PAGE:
Chances are, any client that manufactures a hazmat will tell you it's a hazmat before asking you to store or ship it.


However, considering that a lot of innocuous-looking products such as copy machine toner can sometimes be considered hazmats, it's always wise for the safety of your company and your employees to conduct your own due diligence, as well.


A good start is to ask your clients for any Material Safety Declaration Sheets (also known as MSDS documents) they have. Much like package inserts for pharmaceuticals, MSDS documents tell you everything you'll need to know about the special care and handling of a particular product, including what happens if said product spills, gets mixed with something else or catches on fire.


Another good precaution is to keep your eyes peeled for any packaging that arrives at your facilities with a diamond and four numbers on the outside a diamond is the international symbol for a hazmat, and the four numbers accompanying it are a United Nations code.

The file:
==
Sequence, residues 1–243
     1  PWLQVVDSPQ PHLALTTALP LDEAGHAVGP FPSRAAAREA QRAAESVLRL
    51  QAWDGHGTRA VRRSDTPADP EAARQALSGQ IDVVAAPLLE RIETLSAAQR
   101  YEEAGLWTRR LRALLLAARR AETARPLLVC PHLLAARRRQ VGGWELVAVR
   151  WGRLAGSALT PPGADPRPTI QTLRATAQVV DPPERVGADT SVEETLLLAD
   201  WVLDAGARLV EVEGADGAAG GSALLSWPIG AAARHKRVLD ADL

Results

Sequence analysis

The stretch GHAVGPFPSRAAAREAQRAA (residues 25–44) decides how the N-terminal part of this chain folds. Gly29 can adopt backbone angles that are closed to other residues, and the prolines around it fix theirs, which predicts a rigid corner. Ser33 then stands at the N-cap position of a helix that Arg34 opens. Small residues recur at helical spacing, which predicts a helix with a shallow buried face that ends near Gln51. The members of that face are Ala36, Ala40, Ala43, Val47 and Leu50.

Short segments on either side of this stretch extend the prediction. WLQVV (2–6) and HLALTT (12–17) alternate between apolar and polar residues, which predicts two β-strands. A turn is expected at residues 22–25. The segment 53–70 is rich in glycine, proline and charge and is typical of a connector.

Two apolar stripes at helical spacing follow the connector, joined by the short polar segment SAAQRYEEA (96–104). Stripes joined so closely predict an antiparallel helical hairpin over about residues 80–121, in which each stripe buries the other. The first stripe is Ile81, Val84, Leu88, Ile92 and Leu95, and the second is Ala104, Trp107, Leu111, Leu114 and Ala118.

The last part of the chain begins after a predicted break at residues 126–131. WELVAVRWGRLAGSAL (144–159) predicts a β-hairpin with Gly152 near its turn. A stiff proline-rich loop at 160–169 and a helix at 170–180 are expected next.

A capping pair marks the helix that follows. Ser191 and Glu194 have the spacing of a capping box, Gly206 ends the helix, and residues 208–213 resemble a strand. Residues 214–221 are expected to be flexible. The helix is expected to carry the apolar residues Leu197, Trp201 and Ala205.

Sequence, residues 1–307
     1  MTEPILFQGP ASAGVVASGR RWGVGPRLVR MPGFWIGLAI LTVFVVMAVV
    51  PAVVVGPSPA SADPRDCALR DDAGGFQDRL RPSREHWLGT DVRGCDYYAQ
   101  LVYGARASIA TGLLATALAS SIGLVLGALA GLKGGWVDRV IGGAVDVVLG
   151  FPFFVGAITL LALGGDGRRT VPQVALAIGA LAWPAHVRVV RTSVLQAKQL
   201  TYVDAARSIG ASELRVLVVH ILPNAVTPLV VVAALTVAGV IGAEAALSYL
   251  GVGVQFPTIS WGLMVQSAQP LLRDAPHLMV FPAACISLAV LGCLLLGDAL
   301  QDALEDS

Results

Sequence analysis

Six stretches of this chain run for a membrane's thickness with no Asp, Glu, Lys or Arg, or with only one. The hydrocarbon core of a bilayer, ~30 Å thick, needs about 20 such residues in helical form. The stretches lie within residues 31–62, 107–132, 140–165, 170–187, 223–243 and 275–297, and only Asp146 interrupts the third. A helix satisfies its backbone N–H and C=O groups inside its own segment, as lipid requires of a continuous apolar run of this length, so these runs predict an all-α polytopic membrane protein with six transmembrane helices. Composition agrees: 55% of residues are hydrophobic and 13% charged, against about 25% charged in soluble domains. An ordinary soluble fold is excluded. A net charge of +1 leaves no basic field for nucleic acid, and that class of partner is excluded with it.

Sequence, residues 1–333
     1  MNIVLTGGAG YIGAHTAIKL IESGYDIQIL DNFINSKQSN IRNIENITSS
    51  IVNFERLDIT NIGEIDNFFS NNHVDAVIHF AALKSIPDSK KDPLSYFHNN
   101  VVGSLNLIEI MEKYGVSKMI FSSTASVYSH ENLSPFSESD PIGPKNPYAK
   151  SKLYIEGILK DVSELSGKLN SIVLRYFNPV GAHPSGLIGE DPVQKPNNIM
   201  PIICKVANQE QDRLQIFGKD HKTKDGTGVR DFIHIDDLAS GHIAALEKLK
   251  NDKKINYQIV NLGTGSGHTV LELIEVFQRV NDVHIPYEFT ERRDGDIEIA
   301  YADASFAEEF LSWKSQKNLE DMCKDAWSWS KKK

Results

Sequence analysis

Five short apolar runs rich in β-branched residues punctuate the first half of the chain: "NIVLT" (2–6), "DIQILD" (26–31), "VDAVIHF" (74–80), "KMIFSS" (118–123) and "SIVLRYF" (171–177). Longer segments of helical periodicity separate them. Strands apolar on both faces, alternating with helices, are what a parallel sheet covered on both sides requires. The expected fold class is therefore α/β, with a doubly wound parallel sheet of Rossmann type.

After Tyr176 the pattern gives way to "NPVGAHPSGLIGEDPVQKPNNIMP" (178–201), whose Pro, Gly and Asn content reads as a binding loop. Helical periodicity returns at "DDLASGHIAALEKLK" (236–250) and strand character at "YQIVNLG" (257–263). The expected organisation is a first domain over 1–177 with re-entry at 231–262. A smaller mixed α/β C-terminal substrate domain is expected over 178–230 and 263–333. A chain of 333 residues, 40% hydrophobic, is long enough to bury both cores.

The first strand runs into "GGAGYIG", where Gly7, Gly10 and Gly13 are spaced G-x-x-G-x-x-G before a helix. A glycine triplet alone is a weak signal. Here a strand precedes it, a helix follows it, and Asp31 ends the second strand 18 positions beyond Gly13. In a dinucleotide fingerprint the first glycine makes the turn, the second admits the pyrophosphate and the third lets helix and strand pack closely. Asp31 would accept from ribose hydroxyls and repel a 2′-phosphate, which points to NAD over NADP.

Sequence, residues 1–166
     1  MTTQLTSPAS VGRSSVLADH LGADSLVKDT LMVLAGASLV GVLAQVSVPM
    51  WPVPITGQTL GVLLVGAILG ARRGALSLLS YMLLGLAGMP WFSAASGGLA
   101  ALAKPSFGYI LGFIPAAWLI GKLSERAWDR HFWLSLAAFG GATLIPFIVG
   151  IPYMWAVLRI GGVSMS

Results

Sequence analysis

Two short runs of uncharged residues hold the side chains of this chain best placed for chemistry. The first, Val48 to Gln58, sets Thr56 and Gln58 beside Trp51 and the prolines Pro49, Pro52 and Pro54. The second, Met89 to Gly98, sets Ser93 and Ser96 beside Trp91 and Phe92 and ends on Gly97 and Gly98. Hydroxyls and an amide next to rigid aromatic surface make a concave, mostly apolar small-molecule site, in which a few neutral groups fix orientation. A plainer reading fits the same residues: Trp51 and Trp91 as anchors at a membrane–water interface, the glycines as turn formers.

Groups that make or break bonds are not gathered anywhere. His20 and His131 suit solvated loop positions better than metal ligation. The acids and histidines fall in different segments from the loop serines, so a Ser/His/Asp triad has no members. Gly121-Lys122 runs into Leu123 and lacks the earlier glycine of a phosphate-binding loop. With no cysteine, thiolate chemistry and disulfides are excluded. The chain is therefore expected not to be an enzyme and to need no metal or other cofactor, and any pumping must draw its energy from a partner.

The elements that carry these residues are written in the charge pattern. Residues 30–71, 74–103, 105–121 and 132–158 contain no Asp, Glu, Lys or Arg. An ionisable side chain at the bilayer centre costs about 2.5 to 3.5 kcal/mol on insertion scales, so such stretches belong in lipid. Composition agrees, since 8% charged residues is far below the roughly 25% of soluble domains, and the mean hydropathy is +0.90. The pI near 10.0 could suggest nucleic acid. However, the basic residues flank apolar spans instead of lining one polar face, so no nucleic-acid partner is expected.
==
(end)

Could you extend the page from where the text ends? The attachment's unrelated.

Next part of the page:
And if you want to be even more cautious, take the time to learn what each color diamond means. By knowing that a red diamond means flammable and a green diamond is a symbol of an oxidant, you'll at least have a head start for knowing how to segregate and protect these products and any others you might have on-site.


Hazmat Handling

doesn't have to be an All or Nothing Approach Because hazmats have so many different categories and sensitivities, there is no "one-size-fits-all" description for working with them.


Some hazmats require an infrastructure investment. For example, if you store flammables for any length of time, you'll need to create a "red room" with extra sprinklers and different kinds of ventilation and invest in special material handling equipment that doesn't throw off sparks.